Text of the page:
For a developing country like Ghana, allowing her citizens to perish from road crashes is not only tragic, but unfortunate and unacceptable.
The country might have been successful in flattening the Coronavirus Disease (COVID-19) curve, but it has much to do to stem the uncontrolled accidents and fatalities happening daily on her roads.
Earlier beliefs that road crashes were caused by evil spirits, cosmic forces, ghosts and demons continue to influence efforts in fighting road accidents and the attendant injuries and deaths.
Supernatural explanations of road crashes and other traffic fatalities have been around for centuries.
In the olden days, road crashes and fatalities were seemingly not high in the society and anytime such incidents occurred, our fore fathers went to shrines for consultations.
Deaths through road crashes were regarded as abomination and a curse on evil doers and plotters. Certain rituals had to be performed by the chief priest on the bodies of the departed souls before burial.
The Abesim community, for instance, would have to convey mutilated bodies of accident victims to the village square and perform certain rituals on them before burial.
This is to pacify the local deity to avoid any future recurrence.
These beliefs and practices seemed to be outdated in cultures in parts of the world, but many Ghanaians still hold unto these traditions.
In those days road networks were not good, there were few vehicles and more importantly hardly would one find drinking bars and pubs sited at lorry parks or a driver on duty found drunk.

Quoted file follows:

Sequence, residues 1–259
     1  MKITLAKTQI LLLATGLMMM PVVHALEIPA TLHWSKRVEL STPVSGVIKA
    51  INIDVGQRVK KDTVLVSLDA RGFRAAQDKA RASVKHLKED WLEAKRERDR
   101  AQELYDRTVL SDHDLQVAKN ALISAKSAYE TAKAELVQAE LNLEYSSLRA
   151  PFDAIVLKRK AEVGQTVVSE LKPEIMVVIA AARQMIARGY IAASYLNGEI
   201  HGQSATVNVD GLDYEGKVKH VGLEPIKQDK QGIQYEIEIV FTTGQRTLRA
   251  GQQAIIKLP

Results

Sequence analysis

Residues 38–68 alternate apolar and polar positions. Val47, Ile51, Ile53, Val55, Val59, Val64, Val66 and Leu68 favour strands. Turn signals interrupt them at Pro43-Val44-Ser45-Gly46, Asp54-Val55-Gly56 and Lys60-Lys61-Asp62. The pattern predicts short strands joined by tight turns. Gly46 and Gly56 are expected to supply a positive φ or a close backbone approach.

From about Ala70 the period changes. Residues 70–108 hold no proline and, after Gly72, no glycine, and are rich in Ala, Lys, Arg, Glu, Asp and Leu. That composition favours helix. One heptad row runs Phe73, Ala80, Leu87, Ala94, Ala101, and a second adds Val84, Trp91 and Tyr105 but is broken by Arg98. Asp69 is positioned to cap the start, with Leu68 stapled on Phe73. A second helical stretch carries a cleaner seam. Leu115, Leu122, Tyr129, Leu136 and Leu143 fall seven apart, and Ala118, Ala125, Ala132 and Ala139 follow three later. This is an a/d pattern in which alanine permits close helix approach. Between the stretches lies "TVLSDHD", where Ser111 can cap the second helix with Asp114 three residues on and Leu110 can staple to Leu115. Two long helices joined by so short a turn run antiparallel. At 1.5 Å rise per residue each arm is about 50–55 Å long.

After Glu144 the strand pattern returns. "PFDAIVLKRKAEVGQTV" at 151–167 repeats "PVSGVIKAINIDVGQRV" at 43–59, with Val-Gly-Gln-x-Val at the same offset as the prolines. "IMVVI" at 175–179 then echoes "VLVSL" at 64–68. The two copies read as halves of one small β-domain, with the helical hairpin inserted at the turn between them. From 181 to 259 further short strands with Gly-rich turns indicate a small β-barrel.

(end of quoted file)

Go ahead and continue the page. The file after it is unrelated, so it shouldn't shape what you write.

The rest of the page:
These and among other reasons were why road crashes were minimal in those days.
If road crashes could truly be traced to evil spirits, one wondered why the menace had become an annual ritual in the midst of the proliferation of churches and other religious bodies.
Interestingly, Christians and other religious groups gather and hold all night prayers, retreat and conventions, but the sad aspect of it is that road crashes are always high during Christmas seasons.
Within the last 28 years, over 46,000 Ghanaians have been killed in road accidents nationwide, according to investigations conducted by the National Road Safety Authority.
The country, as at the end of August 2020, had recorded 9,205 road crashes, involving 15,459 vehicles and resulting in 1,585 deaths.
A total of 242 people have died through 591 road accidents recorded from January to September last year in the Bono, Bono East and Ahafo Regions, Mr. Kwasi Agyenim-Boateng, the Acting Regional Head of the NRSA told the Ghana News Agency (GNA)
The NRSA, he explained, was worried there had been a relative increase in the accident cases as compared to last year, and appealed to the media to use their networks to increase driver education on road safety to reverse the trend.
In fact, inattention and over-speeding are currently the leading causes of road crashes, but experts in the road sector identified human error linked to drunk-driving, over-loading, over-speeding, wrongful over-taking and fatigue as some causes.
nature of the country’s highways is other contributory factors as well.
For the nation to succeed, and reduce carnages and fatalities on the highways, it is imperative for Ghanaians to accept the reality, and support vigorous road safety education and campaigns.
Growing from Commission to Authority, the NRSA requires adequate funding and resources to undertake all-year-round safety education on the highways, bus terminals and public gatherings to make the citizenry appreciate and contribute to reducing road accidents.
This reporter however, believes apart from public education and campaigns, strict enforcement of road traffic laws and regulations would greatly minimize crashes and attendant fatalities on the highways.
Until the nation addresses driver indiscipline and negligence, efforts towards reducing annual road accidents and fatalities would remained a mirage, while spirituality and religion take glory for avoidable crashes on the highways